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ICMT Seminar: "Understanding many-particle effects: accurate theories for liquids and electronic excited states in solids"

Event Type
Dept. of Physics
190 ESB
Apr 8, 2013   12:00 pm  
Dr. Johannes Lischner (Berkeley)
Becky McDuffee
Originating Calendar
Physics - Institute for Condensed Matter Theory Seminar

The calculation of material properties usually requires a detailed understanding

of the interactions between the microscopic constituents. In my talk I will first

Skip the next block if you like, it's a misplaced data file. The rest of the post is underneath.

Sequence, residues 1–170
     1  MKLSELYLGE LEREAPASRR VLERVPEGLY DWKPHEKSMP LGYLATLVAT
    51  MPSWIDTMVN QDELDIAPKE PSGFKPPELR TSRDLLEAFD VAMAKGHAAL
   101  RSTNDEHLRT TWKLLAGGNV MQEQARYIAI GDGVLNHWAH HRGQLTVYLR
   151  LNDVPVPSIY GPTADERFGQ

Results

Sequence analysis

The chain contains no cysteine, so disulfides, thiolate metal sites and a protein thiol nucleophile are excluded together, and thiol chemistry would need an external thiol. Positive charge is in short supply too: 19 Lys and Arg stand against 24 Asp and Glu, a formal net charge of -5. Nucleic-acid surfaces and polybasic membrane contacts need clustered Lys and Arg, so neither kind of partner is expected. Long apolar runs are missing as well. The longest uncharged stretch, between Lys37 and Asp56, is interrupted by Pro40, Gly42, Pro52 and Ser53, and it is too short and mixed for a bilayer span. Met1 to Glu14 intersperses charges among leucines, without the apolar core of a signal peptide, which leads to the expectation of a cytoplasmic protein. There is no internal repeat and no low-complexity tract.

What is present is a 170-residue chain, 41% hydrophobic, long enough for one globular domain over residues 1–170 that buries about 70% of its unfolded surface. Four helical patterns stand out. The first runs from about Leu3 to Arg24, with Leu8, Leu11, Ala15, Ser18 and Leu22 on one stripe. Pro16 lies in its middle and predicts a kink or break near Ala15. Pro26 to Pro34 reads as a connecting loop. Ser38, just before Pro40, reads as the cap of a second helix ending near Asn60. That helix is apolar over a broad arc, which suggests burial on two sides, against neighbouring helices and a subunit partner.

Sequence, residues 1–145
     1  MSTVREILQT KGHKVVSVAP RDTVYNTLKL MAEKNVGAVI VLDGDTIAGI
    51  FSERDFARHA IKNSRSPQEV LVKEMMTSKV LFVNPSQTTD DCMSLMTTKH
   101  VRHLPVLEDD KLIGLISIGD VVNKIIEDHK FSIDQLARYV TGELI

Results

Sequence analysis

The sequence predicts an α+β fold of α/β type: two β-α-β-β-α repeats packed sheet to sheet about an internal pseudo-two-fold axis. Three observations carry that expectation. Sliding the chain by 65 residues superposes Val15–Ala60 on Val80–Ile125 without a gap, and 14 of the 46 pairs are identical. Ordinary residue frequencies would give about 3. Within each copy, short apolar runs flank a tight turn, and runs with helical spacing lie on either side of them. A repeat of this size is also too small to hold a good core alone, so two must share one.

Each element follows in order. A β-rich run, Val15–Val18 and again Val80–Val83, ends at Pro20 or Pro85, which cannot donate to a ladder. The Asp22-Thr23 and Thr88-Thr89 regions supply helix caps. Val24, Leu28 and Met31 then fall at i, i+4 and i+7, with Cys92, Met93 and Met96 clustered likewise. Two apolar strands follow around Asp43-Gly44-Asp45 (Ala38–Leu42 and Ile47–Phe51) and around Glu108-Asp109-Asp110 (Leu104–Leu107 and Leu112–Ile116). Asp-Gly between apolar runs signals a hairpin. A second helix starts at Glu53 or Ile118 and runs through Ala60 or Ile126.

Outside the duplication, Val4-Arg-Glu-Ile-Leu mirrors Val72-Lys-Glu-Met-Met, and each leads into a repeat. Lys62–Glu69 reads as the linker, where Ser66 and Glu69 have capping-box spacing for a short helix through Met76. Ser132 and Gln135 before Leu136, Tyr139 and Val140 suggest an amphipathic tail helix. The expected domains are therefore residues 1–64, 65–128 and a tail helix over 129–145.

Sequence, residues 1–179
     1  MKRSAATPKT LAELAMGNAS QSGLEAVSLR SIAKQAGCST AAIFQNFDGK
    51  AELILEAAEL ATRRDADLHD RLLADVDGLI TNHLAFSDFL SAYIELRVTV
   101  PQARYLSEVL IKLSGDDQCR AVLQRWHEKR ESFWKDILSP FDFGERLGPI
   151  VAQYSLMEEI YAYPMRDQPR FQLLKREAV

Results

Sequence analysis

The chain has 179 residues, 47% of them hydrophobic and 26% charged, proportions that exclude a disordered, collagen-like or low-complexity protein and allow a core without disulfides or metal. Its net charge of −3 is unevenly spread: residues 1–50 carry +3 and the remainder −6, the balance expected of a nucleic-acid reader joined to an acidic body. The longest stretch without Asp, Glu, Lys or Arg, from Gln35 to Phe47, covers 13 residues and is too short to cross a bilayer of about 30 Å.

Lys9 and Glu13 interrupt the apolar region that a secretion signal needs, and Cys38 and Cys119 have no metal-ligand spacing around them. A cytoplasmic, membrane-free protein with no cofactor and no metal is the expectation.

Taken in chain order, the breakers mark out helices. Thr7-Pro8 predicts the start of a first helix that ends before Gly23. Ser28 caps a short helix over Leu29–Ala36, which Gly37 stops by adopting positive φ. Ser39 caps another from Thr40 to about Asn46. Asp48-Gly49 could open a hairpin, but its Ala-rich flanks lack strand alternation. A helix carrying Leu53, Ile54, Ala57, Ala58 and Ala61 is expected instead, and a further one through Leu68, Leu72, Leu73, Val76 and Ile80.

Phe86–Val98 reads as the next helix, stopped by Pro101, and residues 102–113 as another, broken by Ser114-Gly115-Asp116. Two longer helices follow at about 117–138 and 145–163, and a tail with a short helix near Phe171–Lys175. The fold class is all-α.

discuss a microscopically informed continuum theory which allows for accurate and efficient modeling of  interacting inhomogeneous molecular liquids, such as liquid water, and the description of solvation processes and liquid-solid interfaces. Then I will discuss  accurate theories to describe angle-resolved photoemission experiments. In particular, I will discuss two systems where many-electron interaction effects result in qualitative differences from the non-interacting (or mean-field) picture: in open-shell defects, electron-electron interactions cause a multiplet structure in the photoemission spectra. In doped graphene, the interaction of plasmons with the chiral Dirac fermions results in a reconstruction of the Dirac cone band structure. I will explain these observations using first-principles theories that include interactions beyond density-functional theory, such as ab initio GW theory and GW+cumulant theory.

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